(Last Updated on December 21, 2015 by Editor)
ZIMBABWE – HARARE – With only four days left before Christmas, critics of President Robert Mugabe and his ruling post-congress Zanu PF say the majority of Zimbabweans face worsening poverty and are “wondering why their festive season cheer has been stolen again”.
This sad sentiment comes as economic analysts have told the Daily News that 2015 will go down as one of the most difficult years of the past decade for the country’s citizens, who continue to endure untold hardships due to alleged Zanu PF’s misrule and mismanagement.
The president of the civil service Apex council, Richard Gundani, said yesterday that for the second year running, more than 530 000 civil servants would have to endure Christmas without their promised 13th cheque.
He said the staggering of bonus payments by the broke government not only robbed civil servants of their Christmas joy, but also disrupted all their plans for 2016.
“We would want government to come out clean on the issue of bonuses. They must pay us and we should announce the exact dates, not their promises and more promises we hear in the newspapers. We want an exact time frame because we know they will talk about staggering the dates.
“We are aware that they say they are broke, but we also know they can afford our bonuses nevertheless,” he added.
At the same time, shoppers say they are bracing for “a miserable” Christmas.
“There was a time, and it’s a long time ago, when I could afford to buy nice goodies and presents, but those days are truly gone,” said a Harare shopper yesterday.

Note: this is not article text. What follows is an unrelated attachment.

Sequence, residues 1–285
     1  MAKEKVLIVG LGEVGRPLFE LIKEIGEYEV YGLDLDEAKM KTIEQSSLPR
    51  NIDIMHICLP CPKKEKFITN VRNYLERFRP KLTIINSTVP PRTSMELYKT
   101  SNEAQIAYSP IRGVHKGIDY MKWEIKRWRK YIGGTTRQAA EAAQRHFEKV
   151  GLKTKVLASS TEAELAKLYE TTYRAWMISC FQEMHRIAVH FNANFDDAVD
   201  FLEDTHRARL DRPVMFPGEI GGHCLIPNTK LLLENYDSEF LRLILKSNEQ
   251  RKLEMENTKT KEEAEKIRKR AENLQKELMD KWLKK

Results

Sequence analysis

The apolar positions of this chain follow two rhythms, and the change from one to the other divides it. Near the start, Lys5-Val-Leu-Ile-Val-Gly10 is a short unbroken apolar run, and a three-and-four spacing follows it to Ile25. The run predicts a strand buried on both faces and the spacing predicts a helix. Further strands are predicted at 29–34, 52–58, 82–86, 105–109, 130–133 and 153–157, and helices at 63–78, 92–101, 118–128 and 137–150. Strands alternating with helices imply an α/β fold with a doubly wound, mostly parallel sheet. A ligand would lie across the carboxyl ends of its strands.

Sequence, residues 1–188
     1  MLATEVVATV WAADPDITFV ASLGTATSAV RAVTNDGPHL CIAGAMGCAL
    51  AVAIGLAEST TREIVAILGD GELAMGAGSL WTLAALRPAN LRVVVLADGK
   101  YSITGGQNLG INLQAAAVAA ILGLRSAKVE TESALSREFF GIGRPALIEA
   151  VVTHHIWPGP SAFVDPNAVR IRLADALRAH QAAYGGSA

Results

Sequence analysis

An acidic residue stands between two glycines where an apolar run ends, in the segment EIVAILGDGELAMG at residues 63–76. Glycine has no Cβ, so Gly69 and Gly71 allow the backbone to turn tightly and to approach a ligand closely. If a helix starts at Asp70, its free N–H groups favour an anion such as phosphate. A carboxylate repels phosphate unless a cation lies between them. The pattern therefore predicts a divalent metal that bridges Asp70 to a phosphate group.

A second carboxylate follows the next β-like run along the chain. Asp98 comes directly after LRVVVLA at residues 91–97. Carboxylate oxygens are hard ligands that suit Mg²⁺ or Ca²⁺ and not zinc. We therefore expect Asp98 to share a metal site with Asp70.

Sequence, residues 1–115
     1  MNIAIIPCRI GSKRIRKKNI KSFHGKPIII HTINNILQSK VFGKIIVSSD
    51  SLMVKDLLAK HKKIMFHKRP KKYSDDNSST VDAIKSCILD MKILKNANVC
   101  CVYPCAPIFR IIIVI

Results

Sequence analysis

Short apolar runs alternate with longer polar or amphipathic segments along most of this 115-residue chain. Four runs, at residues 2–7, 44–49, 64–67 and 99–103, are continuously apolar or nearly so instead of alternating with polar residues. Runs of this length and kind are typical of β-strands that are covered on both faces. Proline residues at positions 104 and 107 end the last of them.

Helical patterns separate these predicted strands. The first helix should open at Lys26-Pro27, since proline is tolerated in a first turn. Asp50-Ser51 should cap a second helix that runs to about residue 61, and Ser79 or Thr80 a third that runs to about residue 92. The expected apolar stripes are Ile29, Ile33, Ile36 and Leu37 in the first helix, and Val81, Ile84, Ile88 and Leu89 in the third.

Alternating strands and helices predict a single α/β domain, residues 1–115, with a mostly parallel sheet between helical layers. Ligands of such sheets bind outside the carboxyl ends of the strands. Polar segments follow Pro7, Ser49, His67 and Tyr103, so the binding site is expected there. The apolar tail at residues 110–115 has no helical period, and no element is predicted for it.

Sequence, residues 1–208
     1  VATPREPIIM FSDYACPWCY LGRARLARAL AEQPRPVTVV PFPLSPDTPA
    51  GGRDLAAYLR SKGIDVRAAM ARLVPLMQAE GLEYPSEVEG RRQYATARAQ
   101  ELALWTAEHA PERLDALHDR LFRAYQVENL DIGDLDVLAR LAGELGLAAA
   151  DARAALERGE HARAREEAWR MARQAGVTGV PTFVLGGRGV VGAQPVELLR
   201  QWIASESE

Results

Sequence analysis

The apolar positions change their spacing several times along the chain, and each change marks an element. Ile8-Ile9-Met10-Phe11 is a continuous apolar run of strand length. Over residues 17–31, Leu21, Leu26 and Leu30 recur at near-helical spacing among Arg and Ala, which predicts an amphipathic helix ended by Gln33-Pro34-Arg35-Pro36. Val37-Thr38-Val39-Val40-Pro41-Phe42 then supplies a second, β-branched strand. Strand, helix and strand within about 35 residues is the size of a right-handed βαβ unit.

Indeed, some shopping malls around the country were half empty at the weekend as poverty levels deepen, with the unemployment rate now estimated at up to 90 percent and rising.
Economist and MDC legislator, Eddie Cross, said it would be hard for the majority of Zimbabwean families – whose disposable income remained well below the poverty datum line of $560 – to experience the joys of the festive season when everything around them was falling apart in the country.
“We are going to have a very subdued Christmas this year. In the 30 months since the 2013 elections that gave us an old/new government, our economy has shrunk dramatically, confidence in the business sector has not recovered and if anything, has declined still further,” he said.
Cross also noted that stock market asset holders were now two thirds poorer than they were in 2013.
“The season is not looking good. A regional food deficit of record proportions is looming, prices are declining but incomes are falling even faster and there are few signs that our leadership even understands what is wrong, let alone what to do about it,” he added.
According to the Confederation of Zimbabwe Industries’ latest manufacturing sector survey, the bulk of companies are operating well below their capacity levels, with only 34,3 percent of factory capacity in use.
Power utility Zesa Holdings has already warned of massive load shedding over the festive season, as the parastatal intends to take advantage of the annual shutdown in order to service its ailing power stations in Kariba and Hwange.
Political commentator Francis Mukora said the dampened mood in the country was likely to be worsened by the fact that even those Zimbabweans who were living in the Diaspora, who often supported their families at home and stimulated festive season spending, were likely to find the going hard this Christmas.
“Diasporans are likely to bear the biggest brunt of having their Christmas in Zimbabwe dampened by the prevailing harsh economic conditions. The appreciation of the United State dollar against regional currencies such as the South African rand means the ‘injivas’ will need to fork out more cash in order to access goods and services in the country,” he said.